* Although James Earl Ray was arrested and sentenced to 99 years in prison, there was later discussion that he was not either the true shooter or acting alone. Even members of the King family felt that Dr. King’s murder was part of a larger conspiracy. Mr. Ray died in prison in 1998 at the age of 60 having recanted his confession to the murder and pleading for a new trial. No evidence has been made public presenting another theory for Dr. King’s murder.

Other relevant OOTD posts:

Dr. Joe Williams - St. Louis civil rights leader

Rev. Fred Shuttlesworth - SCLC co-founder and sometime critic of MLK

Clara Luper - Oklahoma civil rights pioneer (an OOTD favorite)

Rep. Katie Hall - Indiana Democrat who sponsored bill to create MLK holiday

Dan Martin - Atlanta florist who supplied flowers for Dr. King’s funeral

On this day, I recommend listening to conversations with two of the men closest to him: John Lewis and Vincent Harding.

~Trent Gilliss, senior editor

Comments
anniebissett:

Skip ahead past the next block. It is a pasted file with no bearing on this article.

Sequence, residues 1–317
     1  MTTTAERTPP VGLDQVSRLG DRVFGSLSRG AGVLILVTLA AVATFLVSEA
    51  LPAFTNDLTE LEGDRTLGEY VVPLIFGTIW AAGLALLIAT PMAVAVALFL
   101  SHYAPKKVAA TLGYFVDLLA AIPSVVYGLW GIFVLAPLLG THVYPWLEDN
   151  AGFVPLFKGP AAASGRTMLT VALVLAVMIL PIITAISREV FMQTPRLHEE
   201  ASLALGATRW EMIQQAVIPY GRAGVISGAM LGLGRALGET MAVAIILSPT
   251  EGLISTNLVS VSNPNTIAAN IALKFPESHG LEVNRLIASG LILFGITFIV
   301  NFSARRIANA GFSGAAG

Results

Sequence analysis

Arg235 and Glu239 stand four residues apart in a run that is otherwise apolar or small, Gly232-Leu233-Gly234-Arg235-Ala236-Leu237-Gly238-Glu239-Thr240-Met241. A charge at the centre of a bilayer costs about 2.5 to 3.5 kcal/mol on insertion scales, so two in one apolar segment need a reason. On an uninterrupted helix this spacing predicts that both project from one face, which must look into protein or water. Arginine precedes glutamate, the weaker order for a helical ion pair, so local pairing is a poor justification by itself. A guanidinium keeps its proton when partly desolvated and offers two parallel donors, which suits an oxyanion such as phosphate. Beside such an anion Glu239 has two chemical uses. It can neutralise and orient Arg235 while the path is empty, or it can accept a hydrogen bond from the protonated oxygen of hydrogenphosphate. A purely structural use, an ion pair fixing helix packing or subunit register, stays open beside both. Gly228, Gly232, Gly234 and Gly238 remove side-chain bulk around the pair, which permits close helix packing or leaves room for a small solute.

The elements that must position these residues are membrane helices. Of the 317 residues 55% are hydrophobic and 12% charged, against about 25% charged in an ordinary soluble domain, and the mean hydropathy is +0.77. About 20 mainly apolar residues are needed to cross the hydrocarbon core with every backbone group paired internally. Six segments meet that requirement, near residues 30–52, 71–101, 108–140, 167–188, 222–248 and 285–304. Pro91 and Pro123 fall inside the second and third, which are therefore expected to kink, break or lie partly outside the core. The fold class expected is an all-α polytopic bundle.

… if I were standing at the beginning of time, with the possibility of taking a kind of general and panoramic view of the whole of human history up to now, and the Almighty said to me, “Martin Luther King, which age would you like to live in?” …Strangely enough, I would turn to the Almighty, and say, “If you allow me to live just a few years in the second half of the 20th century, I will be happy.”
Like anybody, I would like to live a long life. Longevity has its place. But I’m not concerned about that now. I just want to do God’s will. And He’s allowed me to go up to the mountain. And I’ve looked over. And I’ve seen the Promised Land. I may not get there with you. But I want you to know tonight, that we, as a people, will get to the promised land!
And so I’m happy, tonight. I’m not worried about anything. I’m not fearing any man! Mine eyes have seen the glory of the coming of the Lord!!
- Martin Luther King Jr., the night before he was killed at the Lorraine Hotel in Memphis.